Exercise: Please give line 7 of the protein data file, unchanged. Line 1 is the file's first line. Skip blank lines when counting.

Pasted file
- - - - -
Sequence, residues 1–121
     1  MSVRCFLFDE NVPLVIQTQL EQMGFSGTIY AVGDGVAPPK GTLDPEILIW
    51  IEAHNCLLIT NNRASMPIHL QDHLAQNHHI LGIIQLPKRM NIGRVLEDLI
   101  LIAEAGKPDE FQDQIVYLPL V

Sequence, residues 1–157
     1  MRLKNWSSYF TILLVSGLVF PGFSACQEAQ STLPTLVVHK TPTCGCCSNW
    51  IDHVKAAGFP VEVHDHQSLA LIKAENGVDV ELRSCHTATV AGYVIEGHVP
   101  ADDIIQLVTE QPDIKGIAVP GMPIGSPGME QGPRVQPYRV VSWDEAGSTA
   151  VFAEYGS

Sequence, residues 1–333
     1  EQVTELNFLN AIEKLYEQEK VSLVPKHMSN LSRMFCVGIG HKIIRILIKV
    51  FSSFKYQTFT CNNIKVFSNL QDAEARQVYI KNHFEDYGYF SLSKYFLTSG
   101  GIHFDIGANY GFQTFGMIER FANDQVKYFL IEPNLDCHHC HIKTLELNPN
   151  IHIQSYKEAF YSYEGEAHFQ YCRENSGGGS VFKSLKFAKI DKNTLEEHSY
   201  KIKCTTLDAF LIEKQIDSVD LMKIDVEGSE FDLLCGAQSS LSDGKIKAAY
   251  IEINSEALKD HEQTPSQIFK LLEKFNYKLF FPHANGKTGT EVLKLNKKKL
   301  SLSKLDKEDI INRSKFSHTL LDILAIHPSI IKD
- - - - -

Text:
    51  IDHVKAAGFP VEVHDHQSLA LIKAENGVDV ELRSCHTATV AGYVIEGHVP